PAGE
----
The ramifications for the world growth of Australian Football are not yet clear. The rapidly accelerating strength of PNG may discourage other countries and if AFL clubs focus more on PNG than other nations may feel neglected. However, as Papuans make their way into the Aussie football system there will be wider recognition of the game's international potential, and this may well see increased support. Time will tell but for supporters of footy spreading beyond Australia's shores it is certainly heartening to see impressive results starting to flow. And when a few "home grown" Papuans do make the big time, footy will take off in Australia's northern neighbour.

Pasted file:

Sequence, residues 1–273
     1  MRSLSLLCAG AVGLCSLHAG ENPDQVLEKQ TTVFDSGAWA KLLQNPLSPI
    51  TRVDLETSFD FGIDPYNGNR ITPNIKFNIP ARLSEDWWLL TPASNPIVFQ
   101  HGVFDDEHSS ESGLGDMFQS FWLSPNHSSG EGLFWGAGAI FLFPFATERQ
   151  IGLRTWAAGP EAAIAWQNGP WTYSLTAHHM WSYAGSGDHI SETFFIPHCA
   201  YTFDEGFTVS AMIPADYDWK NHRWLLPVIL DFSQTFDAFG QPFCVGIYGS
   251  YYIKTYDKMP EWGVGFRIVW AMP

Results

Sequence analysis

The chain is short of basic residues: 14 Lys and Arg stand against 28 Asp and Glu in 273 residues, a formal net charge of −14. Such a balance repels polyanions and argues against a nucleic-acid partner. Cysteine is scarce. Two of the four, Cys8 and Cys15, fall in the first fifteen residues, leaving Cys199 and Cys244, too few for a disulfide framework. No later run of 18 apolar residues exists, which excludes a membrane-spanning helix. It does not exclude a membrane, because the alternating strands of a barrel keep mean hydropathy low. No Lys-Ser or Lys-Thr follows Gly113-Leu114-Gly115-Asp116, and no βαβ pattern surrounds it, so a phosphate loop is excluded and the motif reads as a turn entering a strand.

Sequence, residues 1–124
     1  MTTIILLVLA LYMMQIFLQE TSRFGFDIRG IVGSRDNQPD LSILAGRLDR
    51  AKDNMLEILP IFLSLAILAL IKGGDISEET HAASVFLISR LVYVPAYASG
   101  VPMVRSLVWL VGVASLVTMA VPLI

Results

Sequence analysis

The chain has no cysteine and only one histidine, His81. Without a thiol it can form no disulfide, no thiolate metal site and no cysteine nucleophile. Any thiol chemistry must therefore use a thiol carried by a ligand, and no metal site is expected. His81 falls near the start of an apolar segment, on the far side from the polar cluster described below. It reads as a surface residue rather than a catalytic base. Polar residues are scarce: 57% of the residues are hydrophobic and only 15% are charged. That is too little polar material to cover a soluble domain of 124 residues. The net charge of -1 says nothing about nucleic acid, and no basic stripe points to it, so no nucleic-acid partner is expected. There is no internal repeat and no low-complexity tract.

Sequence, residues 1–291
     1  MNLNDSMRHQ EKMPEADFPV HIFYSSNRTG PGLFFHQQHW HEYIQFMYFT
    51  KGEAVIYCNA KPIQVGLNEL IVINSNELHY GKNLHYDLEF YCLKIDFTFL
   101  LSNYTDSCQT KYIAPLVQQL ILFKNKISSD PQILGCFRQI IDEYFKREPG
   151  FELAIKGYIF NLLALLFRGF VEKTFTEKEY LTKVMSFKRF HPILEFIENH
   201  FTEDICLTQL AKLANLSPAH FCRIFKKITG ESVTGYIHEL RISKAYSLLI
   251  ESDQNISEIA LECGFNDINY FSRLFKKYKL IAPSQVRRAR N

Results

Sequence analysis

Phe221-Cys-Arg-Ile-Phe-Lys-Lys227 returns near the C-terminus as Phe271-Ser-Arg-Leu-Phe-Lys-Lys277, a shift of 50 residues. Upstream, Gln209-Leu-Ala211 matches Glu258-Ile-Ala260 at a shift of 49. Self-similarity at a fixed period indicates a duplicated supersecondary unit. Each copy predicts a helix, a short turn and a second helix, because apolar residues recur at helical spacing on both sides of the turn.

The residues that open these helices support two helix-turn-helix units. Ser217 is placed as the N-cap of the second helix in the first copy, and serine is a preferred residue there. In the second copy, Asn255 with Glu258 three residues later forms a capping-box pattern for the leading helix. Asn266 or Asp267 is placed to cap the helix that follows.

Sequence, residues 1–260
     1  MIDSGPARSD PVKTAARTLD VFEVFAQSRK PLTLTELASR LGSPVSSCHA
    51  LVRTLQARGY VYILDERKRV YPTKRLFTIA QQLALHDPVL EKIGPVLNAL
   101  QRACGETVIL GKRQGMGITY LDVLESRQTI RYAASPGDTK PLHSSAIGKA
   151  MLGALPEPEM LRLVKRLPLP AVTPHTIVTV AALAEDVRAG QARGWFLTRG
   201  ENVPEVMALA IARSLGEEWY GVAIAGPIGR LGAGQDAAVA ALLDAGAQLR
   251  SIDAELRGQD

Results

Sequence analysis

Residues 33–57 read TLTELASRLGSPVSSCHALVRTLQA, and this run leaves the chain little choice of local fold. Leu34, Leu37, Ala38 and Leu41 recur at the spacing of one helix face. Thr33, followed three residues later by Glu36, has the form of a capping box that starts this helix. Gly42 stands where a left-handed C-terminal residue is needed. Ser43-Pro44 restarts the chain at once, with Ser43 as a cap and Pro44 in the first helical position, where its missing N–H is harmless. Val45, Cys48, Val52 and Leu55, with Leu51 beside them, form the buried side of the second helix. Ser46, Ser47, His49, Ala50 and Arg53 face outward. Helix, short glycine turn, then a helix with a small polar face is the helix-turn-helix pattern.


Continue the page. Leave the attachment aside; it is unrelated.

The Melbourne Football Club and Melbourne City Council have made the headlines a few times in the last six months with their program to export Australian rules football to China via the sister-city relationship between Melbourne and Tianjin. Early this year Tom Mattessi was named as the first 'Ambassador' of footy to leave for China as part of the sister-city deal - WFN caught up with him to talk about progress so far, the immediate start-up plans and where the project could lead.
It was reported that the AFL will change the regulations after the 2006 AFL draft with respect to the age of recruits from Ireland to appease the fears of the GAA that their game will be stripped of some of their best young talent. Another young Irish talent Martin Clarke is the latest name to be linked with an AFL club.